Employee Recruitment and Retention in a Post Pandemic World

Paid sponsorship by Alternative HR, a YBA member company

Prior to the word COVID becoming part of our vernacular, our economy was performing at a level that made recruitment more challenging. 

The national unemployment rate was 3.5% before the pandemic hitting and that is fairly close to what most economists look at as being full employment which typically indicates that finding talent and hiring employees is more challenging.  

While the pandemic had a disastrous impact on several industry sectors, many were able to carry on, maintain and even increase their business output. 

Finding and Keeping Talent in the Post-Pandemic Landscape

However, the landscape has changed. Now that we live in a post-pandemic world, the demand for goods & services has dramatically increased and has left many employers wondering, where is the talent?

Many employers have asked us to assist with locating talent for their employment needs. Our response has been we will be happy to help in any way we can, but we also need to have a conversation about retention. The two R’s as I refer to them . . . Recruitment and Retention.

Retention. Focus on Existing Employees

Let’s begin by having a conversation around retention. What is your corporate culture like? What programs and initiatives have you put in place for performance management? Also, just so we are clear, performance management isn’t simply just doing an annual performance review; it is more holistic. How are you growing your talent and providing pathways for career growth and development? How are you providing programs and initiatives to ensure that health, safety, and wellness are part of your focus? Most importantly, how are you ensuring that your employees feel valued? 

Studies show that the number one reason employees leave is not feeling valued by their direct manager. 

Have you provided leadership training to your managers at all levels?

Simply put, a conversation around retention always begins with ensuring that your culture is one of both successes and also one that is built around showing your employees that you value them. After all, the best way to minimize your recruitment efforts is to focus on your existing employees.  

Develop an Employee Recruitment Plan

Let’s shift to a conversation about recruitment. The best tool for recruitment is your current employees. 

Have you thought about referral bonuses? 

After all, who can best tell your story than your employees? If you have been able to drive a culture that is attractive for your current employees, that will carry through in your messaging and be an excellent foundation for attracting talent. But it does go deeper than that. Are you an organization that values diversity and inclusion? Is it a part of your DNA or just a wish list? The reality is that our population is growing slower than at any time in our nation’s history, and this is especially true in our region. But the face of our country is changing and growing and is much more diverse. 

Organizations that ignore this reality are missing out on the fastest-growing labor pools in the market. 

Many organizations focus too much on spending all their recruitment dollars on the same advertising they have always utilized. If you have not been getting the desired result, it is time to switch it up. Ask yourself a question. Who locally can help connect me with a talent pool that I might be missing? Do you know what diverse local chambers exist? Are you a member of any local industry-based membership organizations? If not, it is time to connect with them. An annual membership in the most diverse chamber organizations will still cost you less than one job posting on the national job boards.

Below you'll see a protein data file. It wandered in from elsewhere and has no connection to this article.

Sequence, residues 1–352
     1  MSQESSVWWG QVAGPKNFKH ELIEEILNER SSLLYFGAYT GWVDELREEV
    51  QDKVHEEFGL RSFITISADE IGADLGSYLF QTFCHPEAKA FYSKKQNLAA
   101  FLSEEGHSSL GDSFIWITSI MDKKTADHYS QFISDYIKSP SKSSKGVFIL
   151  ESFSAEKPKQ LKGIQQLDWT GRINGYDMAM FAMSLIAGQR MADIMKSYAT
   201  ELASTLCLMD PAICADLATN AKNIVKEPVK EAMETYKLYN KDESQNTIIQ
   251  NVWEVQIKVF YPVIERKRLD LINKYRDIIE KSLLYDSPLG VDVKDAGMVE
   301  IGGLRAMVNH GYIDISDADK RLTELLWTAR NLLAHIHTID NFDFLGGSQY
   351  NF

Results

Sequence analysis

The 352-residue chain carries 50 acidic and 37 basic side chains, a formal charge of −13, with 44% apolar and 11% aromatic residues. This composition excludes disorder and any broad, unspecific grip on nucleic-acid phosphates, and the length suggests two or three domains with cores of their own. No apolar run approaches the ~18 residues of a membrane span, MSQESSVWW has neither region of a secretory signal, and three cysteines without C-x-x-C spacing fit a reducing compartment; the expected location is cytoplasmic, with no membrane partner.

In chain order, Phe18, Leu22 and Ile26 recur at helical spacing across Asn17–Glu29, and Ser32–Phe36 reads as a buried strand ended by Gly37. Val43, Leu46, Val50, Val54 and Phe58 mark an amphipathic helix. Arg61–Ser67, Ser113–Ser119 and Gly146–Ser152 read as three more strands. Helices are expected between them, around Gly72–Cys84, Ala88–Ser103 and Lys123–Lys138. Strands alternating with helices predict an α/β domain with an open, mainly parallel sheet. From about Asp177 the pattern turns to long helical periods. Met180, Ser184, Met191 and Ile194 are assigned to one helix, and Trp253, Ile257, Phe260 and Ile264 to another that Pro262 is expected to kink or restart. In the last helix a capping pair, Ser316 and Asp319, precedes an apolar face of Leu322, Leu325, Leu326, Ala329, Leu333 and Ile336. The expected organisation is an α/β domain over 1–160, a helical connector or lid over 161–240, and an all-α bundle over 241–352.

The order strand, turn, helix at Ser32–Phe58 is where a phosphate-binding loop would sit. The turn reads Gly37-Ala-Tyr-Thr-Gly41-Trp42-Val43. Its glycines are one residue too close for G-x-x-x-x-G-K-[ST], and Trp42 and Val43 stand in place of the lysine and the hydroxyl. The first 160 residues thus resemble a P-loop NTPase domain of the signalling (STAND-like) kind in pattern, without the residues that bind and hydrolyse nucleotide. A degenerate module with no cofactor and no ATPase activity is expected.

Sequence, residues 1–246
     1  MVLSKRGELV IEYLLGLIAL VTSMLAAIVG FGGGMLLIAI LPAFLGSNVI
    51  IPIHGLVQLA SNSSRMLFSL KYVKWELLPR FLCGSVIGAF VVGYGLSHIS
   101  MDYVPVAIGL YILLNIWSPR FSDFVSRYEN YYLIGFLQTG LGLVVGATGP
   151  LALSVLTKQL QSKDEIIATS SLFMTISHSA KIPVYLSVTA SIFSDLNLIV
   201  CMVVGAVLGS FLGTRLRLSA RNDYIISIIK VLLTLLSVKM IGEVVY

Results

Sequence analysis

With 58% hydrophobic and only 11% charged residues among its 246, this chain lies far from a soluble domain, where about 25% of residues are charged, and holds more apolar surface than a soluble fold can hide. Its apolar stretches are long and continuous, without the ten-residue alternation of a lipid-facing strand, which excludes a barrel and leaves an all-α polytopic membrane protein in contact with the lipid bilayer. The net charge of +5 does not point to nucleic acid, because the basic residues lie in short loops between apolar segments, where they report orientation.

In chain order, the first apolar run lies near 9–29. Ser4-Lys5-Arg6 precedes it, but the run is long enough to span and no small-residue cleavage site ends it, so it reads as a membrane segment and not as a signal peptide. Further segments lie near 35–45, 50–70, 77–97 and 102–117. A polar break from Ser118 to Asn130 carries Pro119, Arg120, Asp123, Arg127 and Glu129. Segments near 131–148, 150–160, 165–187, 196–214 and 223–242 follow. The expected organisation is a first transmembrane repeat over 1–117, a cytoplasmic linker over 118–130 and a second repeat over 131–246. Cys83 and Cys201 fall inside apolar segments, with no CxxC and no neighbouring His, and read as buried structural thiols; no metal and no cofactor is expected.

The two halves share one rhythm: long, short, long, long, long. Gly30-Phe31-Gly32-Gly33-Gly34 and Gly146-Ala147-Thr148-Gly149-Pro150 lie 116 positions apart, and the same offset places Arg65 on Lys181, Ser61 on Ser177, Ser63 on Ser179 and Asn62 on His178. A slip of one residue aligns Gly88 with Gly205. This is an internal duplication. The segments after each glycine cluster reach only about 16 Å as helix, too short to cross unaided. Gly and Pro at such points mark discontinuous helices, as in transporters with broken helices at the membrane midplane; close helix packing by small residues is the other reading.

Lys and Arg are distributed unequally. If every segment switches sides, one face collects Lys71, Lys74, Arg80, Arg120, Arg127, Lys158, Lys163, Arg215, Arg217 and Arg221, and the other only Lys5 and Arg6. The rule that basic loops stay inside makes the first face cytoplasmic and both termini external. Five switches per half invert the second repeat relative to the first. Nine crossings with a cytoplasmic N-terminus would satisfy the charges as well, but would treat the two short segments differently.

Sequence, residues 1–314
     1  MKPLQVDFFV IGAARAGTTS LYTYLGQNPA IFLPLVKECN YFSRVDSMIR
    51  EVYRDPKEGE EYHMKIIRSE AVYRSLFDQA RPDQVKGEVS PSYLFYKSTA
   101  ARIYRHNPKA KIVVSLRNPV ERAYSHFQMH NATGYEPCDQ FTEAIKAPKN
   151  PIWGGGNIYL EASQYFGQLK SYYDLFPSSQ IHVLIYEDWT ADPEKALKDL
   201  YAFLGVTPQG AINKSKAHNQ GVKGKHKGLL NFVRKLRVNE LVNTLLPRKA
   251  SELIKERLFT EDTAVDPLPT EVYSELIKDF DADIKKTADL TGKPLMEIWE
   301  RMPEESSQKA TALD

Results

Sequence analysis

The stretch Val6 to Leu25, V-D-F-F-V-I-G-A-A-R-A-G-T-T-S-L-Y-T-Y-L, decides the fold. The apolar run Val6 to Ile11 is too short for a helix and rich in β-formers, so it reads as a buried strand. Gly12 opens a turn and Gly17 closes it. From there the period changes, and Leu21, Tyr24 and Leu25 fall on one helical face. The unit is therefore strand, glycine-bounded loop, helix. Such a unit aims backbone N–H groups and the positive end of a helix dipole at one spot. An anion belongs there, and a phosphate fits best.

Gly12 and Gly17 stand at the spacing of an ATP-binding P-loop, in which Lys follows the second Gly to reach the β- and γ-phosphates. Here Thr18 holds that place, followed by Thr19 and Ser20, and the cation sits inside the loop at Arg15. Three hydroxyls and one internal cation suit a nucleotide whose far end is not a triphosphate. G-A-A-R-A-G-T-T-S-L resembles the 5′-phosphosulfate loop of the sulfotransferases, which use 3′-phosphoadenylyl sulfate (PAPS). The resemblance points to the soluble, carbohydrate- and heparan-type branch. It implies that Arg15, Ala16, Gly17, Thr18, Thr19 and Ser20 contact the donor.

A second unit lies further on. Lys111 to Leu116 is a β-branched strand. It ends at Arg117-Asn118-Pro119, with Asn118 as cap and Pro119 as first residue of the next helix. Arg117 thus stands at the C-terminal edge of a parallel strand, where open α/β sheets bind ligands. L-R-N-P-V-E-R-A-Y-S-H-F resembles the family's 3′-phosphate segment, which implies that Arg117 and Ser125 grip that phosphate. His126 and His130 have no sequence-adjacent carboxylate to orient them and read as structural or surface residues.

It is important not to rush into recruitment. Before advertising for a new role or a role that you are replacing someone in, make sure you have done a job analysis. Have you revised the job description to reflect the role as it exists today? What skill sets do you need today, and what skills are you willing to train on? 

What transferable skills might you consider when hiring? Keep in mind that the pandemic has decimated several industry sectors, and there is talent that exists that wants to work and find a job. How flexible are you? 

Can the work be performed remotely? 

If so, that opens the door to what geography you need to recruit within. Have you evaluated the compensation for the role you are recruiting for? If so, are you paying a living wage? If you are not, your biggest obstacle to retaining talent will be tied directly to wages.  

Don’t Overlook the Interviewing and Onboarding Process

Once you have developed a recruitment plan, make sure that you have created an interview process that provides an authentic look at your organization and one that does not drag on. If you have connected with a candidate you are interested in, don’t drag out the process or accept another role. Make sure you follow your process and check off all the necessary boxes, but do not make the candidate wait too long before making a decision. With the market what it is, you cannot afford to wait.  

Lastly, the key to establishing a long-term relationship with a new employee is to ensure that you conduct an efficient and detailed onboarding with the new employee. Make sure you have allowed for enough training to get the new employee acquainted with the role they were hired to do and connect them with the right teammates who will ensure their success.

This may scratch the surface, and there is often so much more to think about. 

Alternative HR is here to help with internal culture, employee recruitment and retention, and all your Human Resource needs. Contact us today to find out more about how we may help your organization grow and maintain talent. Learn more.